It does seem to be a great shame that the main problem is underwriting the festival, but there you are, no-one not even insurance companies these days want to take that risk, they might not make mega-bucks out of the deal.

This is the trouble with modern commercialism, but short of going back to the days when everyone rolled around either without washing properly for a week, or polluting the swimming pool, or even paying 1/3d for a loaf of bread, then we expect more for our money these days.

I still think the price of a ticket is excellent value, when you compare to going to the theatre, sporting events, or even one-off non folkie concerts. Where else can I be entertained from morning 'till very late at night for around £20 quid a day? We folkies moan about the lack of coverage of our music, then can't take it when we are faced with the big bad world of commercialism that now follows any large scale event.

I do agree that the local traders etc who obviously get great benefit out of the festival should be leaned on to help sponsor/underwrite, but let's be honest they probably rely on the income during the festival to keep their businesses going throughout the year. I know just how hard it is for smaller businesses to survive the competion from large traders, & UK hoteliers are certainly not raking in huge amounts of dosh.

Perhaps those people who go along for the ride & never contribute a single penny to the income of the festival should think a little more carefully about saying that the festival would continue, & think of giving some sort of time to the more commercial events, this would certainly help in a small way, rather than just passing the buck, letting someone else organise & hope for the best.


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Subject: RE: 50th and last Sidmouth festival?
From: The Villan
Date: 11 May 04 - 10:27 AM

It strikes me that the event should be scaled down and run in a place(s) in Sidmouth where all the events are indoors, so that if it rains, the whole event is not saboutaged.

Sometimes people need to sit back and take stock of the situation.

Its hard to go backwards, but sometimes it is necessary just to keep such an historic event from closing completely.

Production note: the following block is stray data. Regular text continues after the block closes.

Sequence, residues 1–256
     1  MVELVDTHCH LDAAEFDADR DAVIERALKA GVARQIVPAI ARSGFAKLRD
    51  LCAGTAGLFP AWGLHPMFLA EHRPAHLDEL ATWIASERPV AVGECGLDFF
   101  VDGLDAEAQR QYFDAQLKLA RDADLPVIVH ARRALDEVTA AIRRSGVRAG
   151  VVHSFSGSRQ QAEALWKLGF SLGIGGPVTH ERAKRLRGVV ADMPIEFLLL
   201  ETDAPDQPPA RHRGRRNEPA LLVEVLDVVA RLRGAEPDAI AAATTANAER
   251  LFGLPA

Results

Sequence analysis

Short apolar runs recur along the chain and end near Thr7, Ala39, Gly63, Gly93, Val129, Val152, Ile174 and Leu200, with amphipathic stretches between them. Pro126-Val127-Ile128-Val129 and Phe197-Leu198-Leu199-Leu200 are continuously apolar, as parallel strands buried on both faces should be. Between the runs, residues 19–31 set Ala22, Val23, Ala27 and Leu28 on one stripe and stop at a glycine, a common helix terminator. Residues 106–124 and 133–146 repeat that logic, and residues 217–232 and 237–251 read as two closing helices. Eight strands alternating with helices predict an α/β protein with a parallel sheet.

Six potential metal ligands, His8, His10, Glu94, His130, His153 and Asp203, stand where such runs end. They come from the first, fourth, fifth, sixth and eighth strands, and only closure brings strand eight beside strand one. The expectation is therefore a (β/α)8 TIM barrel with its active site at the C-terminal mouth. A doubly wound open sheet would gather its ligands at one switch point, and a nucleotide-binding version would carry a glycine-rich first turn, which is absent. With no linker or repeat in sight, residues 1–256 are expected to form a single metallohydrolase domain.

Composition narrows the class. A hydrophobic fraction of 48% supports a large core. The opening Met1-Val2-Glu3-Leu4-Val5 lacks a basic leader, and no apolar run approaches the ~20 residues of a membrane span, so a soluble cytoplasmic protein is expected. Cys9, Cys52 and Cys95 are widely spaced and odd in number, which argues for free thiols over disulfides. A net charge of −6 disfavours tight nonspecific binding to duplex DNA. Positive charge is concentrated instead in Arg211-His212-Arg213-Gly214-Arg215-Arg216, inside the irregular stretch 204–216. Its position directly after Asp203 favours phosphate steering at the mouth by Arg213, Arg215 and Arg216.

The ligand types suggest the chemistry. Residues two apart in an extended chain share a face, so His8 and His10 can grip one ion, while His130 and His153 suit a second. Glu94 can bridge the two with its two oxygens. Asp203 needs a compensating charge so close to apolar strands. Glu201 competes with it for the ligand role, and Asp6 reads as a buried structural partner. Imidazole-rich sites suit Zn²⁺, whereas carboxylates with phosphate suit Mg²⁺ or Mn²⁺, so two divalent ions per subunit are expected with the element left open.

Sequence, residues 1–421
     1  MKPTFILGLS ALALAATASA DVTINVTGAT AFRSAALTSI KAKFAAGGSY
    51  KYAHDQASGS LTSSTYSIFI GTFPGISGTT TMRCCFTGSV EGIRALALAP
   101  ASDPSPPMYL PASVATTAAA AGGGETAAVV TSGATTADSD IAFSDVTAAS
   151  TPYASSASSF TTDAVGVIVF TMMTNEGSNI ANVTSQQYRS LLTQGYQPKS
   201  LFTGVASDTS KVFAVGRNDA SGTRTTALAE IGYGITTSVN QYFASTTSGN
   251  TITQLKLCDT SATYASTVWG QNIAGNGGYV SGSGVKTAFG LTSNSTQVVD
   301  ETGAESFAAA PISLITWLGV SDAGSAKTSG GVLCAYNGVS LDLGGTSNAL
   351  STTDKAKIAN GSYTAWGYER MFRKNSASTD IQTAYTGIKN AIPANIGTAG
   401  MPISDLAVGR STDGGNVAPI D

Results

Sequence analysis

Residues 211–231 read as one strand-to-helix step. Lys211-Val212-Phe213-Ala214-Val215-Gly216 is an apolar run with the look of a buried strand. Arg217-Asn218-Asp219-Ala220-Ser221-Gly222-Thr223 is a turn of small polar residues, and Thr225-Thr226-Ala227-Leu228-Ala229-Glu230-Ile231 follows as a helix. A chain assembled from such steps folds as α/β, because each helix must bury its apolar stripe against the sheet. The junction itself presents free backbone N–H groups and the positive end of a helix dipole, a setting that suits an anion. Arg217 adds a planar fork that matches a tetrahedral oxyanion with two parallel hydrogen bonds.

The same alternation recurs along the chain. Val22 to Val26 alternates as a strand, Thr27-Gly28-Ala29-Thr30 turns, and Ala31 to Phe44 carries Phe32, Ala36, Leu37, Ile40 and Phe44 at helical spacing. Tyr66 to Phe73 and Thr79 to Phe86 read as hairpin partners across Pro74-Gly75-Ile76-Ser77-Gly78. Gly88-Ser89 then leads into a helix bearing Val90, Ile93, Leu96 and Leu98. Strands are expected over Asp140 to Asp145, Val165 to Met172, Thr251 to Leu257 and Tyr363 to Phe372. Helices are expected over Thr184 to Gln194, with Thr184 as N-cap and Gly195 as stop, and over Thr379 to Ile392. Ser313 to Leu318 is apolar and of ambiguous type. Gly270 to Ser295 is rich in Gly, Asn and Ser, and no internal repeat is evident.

It would be a shame to see Sidmouth die, so come on everybody think smaller and drier and I am sure it will still be a great event.


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Subject: RE: 50th and last Sidmouth festival?
From: The Shambles
Date: 11 May 04 - 10:30 AM

Faced with this situation, the 50th Sidmouth Festival will be the last one organised by the current management.

Whether you consider the current organisers to be saints or sinners - their PR has caused all this division, with folk blaming each other.

If we really need to blame anyone at the moment, blame them. If no one responds to the public blackmail and agrees to underwrites the festival, you can perhaps blame them. There is very little that folk who attend the festival can do, if the current organisers pull out.

Many folk who support the festival may not like being placed in the position of supporting the current organisers (whatever they decide to do or not do) for that is their choice.

But all this is a side issue, the important thing is to ensure that some form of Sidmouth Festival continues. One that hopefully is not subject to this now regular brinkmanship, which is now causing all this uncertainty, blame and bad feeling.


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Subject: RE: 50th and last Sidmouth festival?
From: breezy
Date: 11 May 04 - 10:33 AM

Why not plan the festival it as if it is going to rain ?
Then there would be no need to 'underwrite' it and if it doesnt rain ,then all well and good.
Plan for the worse then it can only get better.
!!!!!!!!!!!!!!!!!!!!!!!!!!!!!!!!!!!!!!!!!!!!!!!

we play soccer in all weathers



Tonight the Ampthill Folk Club Tues 11th May


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Subject: RE: 50th and last Sidmouth festival?
From: The Borchester Echo
Date: 11 May 04 - 10:53 AM

Why not plan the festival as if it is going to rain? Then there would be no need to 'underwrite' it

Brilliant! I do believe Breezy's got it! A solution for all those unable to remember to put an umbrella in their bag.


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Subject: RE: 50th and last Sidmouth festival?
From: fiddler
Date: 11 May 04 - 10:55 AM

Blame rarely serves a useful purpose.

A week festival must present a good and wide ranging programme!
And as for think small - I have always found if you tilt a something small then you end up with miniscule - think bigger and you begin to grow and get somewhere.

Financial stats appear on this and the BBC site - It really is a where to from here situation at present!

If a trust fund were set up with appropriate rules then I have a £100 cheque ready and waiting.

this could be the start of a festival insurance scheme which all festivals could join - being a charitable institution with no proifit to make it could drive down the cost of festival insurance and therefore tickets too - my what a good idea.

Any other good positive ideas out there? Teh easiest thing in the world is to criticise sometimes the hardest is to look up and face things full on an come up with a solution.

A


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Subject: RE: 50th and last Sidmouth festival?
From: DG&D Dave
Date: 11 May 04 - 11:32 AM

Just to remind Sidmouth DG&D regulars:

This will be a Mega 'Doom, Gloom and Despondancy' competition this year with more judges and more bouncers. Unfortunately, there probably won't be more time for contestants. I'll See what I can do.